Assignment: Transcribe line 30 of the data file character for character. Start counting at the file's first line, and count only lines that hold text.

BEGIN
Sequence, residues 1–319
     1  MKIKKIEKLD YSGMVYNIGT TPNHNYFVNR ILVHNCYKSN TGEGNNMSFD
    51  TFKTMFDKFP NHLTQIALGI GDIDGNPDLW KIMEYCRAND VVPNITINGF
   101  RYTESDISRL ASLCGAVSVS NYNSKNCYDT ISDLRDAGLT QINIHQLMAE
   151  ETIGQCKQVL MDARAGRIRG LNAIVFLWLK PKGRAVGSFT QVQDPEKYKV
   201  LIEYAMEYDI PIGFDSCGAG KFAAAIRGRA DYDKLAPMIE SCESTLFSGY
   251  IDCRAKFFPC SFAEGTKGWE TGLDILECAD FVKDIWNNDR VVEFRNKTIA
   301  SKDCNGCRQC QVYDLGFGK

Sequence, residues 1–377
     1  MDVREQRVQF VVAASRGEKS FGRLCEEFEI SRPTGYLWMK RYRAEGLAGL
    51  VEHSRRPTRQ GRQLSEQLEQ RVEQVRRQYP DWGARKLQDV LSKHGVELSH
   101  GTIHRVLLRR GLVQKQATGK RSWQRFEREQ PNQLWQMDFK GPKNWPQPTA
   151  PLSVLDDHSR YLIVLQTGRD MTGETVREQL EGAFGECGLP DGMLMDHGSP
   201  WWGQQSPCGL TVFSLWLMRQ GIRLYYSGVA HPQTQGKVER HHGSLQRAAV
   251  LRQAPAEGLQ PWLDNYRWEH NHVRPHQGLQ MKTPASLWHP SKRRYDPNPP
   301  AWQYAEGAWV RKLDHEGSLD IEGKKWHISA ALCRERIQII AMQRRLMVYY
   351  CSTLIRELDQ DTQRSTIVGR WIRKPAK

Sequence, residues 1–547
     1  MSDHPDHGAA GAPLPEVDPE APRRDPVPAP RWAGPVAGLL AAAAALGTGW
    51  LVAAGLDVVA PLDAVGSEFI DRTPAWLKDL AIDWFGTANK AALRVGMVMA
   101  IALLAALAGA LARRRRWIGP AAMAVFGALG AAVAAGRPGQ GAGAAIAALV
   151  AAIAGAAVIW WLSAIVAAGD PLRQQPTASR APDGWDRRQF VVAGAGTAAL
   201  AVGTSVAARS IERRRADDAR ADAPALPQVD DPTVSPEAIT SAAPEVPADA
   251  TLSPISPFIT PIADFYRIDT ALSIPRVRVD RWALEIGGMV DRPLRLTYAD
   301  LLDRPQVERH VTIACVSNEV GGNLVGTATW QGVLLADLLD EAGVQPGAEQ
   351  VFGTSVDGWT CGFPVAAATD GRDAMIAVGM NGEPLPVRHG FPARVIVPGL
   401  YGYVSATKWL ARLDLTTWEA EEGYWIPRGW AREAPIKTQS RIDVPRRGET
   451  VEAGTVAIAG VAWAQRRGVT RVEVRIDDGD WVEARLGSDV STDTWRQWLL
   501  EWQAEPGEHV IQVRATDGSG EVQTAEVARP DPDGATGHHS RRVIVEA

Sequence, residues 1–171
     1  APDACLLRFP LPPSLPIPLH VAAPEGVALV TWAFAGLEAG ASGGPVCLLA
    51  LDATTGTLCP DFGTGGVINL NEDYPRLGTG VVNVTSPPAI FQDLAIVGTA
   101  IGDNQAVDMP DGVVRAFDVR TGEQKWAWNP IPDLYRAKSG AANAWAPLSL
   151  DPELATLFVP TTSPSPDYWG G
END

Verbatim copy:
Sequence, residues 1–171